Study edible herbs:
  • Learn to cook with herbs
  • Learn to identify edible herbs
  • Learn how to process and preserve edible herbs
 Learn how to identify and successfully grow dozens of common and uncommon edible herbs. Develop your skills and experience the delights of cooking adventurous new recipes with herbs. Learn drying and other methods of preserving the flavour (eg. herb oils, salts, vinegars).
Eight lessons as follows cover common and less common herbs used for cooking.


Explode Your Taste Options by Using Herbs in Cooking

  • Learn to identify, grow and  propagate lots of different culinary herbs
  • Get creative with cooking -learn to use herbs in food preparation
  • Indulge a passion, start a business or find a job with herbs

Who should do this course?

  • Herb nursery staff
  • Market gardeners wanting to diversify into cut herbs
  • Cooks and chefs
  • Manufacturers of foods, food additives or dried herbs

Comment from one of our Culinary Herb students:
      "I have found the course interesting and it has expanded my knowledge of herbs immensely" D. Christian

What are Culinary Herbs?

The fresh and dried leaves, flowers and sometimes stems of culinary herbs are the parts used in cooking. These come from plants such as mint, sage, tarragon, chives, parsley and a multitude of other species.

Sometimes people confuse culinary herbs with spices. Spices are usually powdered substances produced from the grinding of seeds, roots, bark, fruit and sometimes the flowers or flower parts i.e. saffron (actually the stamens of the flowers).

Culinary herbs do two common things in the kitchen:

1. They can be used to replace salt and sugar as food flavourings.  Which is a positively healthy move...salt and sugar are widely known to be consumed by most people in quantities which are detrimental to health.

2. They greatly expand the variety of tastes which can be experienced. They have been used since man's earliest times to add to the flavour of food. With the tremendous variety of herbs that are readily available now, today's cook will use them to provide interest in the form of colour and texture as well as flavour.

Course Content and Structure

There are eight lessons as outlined below:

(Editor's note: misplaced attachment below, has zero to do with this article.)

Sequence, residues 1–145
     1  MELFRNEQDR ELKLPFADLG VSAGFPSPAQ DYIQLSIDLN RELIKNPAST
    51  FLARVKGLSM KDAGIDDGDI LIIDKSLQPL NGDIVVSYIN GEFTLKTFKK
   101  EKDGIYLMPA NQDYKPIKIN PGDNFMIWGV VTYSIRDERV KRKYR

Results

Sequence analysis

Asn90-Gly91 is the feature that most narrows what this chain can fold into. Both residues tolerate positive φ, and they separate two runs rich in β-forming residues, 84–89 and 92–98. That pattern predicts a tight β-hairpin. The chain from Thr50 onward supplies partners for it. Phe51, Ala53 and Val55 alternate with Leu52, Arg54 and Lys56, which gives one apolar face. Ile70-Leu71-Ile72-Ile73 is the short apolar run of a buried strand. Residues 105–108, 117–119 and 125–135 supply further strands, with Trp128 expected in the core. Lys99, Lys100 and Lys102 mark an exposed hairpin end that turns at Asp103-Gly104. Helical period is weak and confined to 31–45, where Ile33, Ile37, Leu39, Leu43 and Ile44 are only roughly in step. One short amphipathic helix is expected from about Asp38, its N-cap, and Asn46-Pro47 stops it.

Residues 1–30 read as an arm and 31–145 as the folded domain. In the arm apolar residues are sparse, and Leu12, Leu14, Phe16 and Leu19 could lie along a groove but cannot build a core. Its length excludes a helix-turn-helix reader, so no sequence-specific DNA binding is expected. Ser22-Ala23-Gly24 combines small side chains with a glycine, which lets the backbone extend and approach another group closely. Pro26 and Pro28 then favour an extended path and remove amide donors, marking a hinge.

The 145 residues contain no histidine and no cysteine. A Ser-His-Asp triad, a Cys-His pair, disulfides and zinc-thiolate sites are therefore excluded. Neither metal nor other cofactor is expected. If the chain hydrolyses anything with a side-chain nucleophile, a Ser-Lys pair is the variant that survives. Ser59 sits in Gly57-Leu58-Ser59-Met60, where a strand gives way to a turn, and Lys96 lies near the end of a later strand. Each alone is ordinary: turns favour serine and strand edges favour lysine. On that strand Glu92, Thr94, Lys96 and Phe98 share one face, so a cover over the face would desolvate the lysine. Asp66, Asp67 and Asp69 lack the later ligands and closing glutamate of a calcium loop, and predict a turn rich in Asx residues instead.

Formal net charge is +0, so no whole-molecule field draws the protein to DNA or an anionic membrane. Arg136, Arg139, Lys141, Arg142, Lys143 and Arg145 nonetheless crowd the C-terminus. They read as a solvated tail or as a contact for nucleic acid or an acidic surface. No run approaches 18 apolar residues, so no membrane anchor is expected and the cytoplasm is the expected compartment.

1. Introduction

  • Review of the system of plant identification,
  • general characteristics of culinary herbs,
  • information contacts (i.e. nurseries, seed, clubs, etc.).

2. Culture

  • Planting
  • staking,
  • mulching,
  • watering,
  • pest & disease management
  • feeding,
  • pruning,
  • protection from wind, salt air, etc.

3.  Propagating and Establishing a Herb Garden

  • Propagation
  • Methods of propagating culinary herbs.
  • Creating a Kitchen Garden
  • Growing in pots, inside, or in the open ground.

4. Cooking with Herbs.

  • Culinary uses of herbs,
  • Herb teas
  • Recipes, Garnishes, etc.
  • Fresh and dried herb use.

5. The Most Commonly Grown Varieties.

  • Garlic
  • Parsley
  • Chives.

6. Other Important Culinary Herbs

  • The Lamiaceae family (Mint, Thyme, Rosemary, Lavender etc.) - one of the most aromatic herb families to use in flavouring foods.

7. Lesser Grown Varieties

  • How to cook with lesser known herbs.

8. Special Assignment

  • A detailed study into herbs selected by the student.


  • Describe the plant naming system, the major family groups that herbs fall into and the resources available to the culinary herb grower.
  • Describe how to manage the cultural requirements of culinary herbs.
  • Describe the various methods of propagation, both sexual and asexual, the treatments generally used for seed storage and the handling of cutting material.
  • Explain the way in which herbs are used in cooking and which herbs best suit various dishes.
  • Discuss the most common herb varieties used in cooking.